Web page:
I’m extremely contagious
Ever wonder how and why I’ve caused so many epidemics over the centuries? Because I’m very, very, very contagious. Not only can people spread flu viruses around a full day before they start feeling sick, but the infected stay contagious for five to seven days afterward. Now, that’s stamina.
Antibiotics won’t do a thing to me
I know it’s tempting to ask your doctor for antibiotics when you feel terrible, but they only work on bacteria, not viruses like me. So for my sake, go ahead and ignore these 11 ways to treat the flu.
I can trigger heart attacks
When I infect you, I don’t just irritate your chest and sinuses—there’s also widespread inflammation all over your body. And that inflammation can increase the risk of developing blood clots in the heart.
You should get vaccinated in September or October for best protection from me
But it’ll help protect you from me even if you get the shot much later than that. The flu vaccine takes about two weeks to become effective, so if you’re trying to avoid getting sick, doctors say it’s ideal to get jabbed early on in flu season—it runs from October to May. But I’d prefer it if you didn’t learn these 10 secrets doctors use to avoid getting sick.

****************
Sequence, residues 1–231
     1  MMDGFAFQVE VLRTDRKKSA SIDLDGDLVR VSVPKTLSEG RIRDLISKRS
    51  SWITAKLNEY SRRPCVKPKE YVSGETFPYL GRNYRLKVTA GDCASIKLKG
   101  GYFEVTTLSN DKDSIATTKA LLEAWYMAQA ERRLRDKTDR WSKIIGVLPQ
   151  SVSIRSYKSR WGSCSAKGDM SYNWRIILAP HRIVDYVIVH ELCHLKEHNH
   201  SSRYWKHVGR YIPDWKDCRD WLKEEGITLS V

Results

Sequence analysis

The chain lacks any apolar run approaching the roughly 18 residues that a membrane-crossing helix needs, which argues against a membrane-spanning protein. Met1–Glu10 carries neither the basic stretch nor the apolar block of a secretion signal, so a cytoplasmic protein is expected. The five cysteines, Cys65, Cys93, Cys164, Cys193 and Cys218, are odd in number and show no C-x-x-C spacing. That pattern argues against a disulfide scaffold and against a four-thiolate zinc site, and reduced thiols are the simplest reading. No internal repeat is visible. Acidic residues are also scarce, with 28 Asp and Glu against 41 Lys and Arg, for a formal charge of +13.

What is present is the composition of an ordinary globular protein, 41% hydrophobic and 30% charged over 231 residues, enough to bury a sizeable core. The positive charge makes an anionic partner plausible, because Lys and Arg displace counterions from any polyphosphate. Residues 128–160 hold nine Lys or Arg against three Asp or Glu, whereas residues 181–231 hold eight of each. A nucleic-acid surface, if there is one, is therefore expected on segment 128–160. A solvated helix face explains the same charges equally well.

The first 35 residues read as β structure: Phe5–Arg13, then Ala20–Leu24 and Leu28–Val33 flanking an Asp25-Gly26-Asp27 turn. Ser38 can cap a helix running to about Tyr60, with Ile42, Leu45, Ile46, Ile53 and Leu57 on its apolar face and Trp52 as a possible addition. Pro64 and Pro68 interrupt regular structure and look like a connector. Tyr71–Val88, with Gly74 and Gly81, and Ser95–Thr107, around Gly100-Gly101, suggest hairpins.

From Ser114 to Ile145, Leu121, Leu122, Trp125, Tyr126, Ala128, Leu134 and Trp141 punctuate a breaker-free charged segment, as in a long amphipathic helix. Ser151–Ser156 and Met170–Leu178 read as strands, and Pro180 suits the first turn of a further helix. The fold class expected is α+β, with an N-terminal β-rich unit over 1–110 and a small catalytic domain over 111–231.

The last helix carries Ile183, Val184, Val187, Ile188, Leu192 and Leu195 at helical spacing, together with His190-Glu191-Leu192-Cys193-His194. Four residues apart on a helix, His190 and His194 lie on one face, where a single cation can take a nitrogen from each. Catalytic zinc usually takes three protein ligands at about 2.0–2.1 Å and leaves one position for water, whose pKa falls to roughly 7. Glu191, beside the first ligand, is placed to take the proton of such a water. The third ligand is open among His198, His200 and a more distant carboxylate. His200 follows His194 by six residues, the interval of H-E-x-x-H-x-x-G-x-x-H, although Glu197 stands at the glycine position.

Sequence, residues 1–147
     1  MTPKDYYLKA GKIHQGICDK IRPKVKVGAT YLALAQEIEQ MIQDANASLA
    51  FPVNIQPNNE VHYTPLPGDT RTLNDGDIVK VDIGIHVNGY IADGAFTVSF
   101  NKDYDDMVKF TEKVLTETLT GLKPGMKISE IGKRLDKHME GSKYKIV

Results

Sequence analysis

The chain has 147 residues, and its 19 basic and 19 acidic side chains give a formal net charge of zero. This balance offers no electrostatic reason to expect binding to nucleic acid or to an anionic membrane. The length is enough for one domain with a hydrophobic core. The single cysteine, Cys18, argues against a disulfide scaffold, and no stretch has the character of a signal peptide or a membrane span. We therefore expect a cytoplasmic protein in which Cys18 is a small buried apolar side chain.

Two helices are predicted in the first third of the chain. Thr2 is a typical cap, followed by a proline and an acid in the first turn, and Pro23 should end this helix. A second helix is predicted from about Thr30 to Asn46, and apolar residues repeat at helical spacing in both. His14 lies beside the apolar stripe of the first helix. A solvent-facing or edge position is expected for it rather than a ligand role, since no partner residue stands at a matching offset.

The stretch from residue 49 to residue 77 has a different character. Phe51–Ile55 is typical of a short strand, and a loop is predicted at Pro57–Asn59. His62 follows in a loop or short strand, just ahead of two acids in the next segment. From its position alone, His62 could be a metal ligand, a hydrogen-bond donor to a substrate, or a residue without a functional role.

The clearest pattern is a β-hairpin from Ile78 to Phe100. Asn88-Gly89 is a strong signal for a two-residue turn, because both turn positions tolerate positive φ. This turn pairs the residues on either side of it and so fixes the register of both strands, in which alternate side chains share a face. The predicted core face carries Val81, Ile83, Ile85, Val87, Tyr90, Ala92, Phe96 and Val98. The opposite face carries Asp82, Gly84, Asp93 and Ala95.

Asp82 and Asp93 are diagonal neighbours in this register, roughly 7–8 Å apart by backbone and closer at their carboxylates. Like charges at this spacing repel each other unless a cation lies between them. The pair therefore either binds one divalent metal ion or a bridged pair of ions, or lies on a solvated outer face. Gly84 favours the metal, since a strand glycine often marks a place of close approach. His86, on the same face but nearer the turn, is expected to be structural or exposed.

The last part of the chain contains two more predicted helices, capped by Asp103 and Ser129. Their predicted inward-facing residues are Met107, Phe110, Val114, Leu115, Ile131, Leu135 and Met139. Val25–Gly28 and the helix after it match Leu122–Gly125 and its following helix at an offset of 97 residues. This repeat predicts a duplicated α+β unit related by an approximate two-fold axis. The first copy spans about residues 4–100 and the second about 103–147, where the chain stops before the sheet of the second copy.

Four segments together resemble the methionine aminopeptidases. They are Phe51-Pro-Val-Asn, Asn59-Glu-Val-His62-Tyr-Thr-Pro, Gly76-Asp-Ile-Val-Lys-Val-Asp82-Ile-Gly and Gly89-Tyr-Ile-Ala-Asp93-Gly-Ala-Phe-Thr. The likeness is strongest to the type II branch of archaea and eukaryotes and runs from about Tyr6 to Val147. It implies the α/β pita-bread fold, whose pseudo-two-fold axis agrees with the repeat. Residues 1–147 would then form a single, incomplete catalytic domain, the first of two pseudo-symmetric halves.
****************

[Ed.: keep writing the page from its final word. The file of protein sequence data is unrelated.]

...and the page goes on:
I can cause some pretty bad complications
After causing all the usual symptoms (fever, headache, cough, body aches), I can also lead to pneumonia, sinus infections, and ear infections. Some people are more vulnerable to my dastardly deeds than others, including seniors, pregnant women, kids under five years of age, and people with chronic health conditions like asthma or diabetes. Learn the difference between cold and flu.
I can fly!
Well, not exactly. I get around in tiny droplets of moisture that get out into the air when you breathe, talk, cough, or sneeze. Here’s the craziest part: These droplets can travel six to eight feet.
I was one of the original “influencers”
You’ve heard about all those social media influencers on Instagram? Well, my full name—influenza—comes from the Italian word for “influence.” After four major worldwide pandemics, I’ve earned it. Each year, an average of 5 to 20 percent of the U.S. population contracts the flu virus. Now check out 15 surprising ways to prevent colds and flu.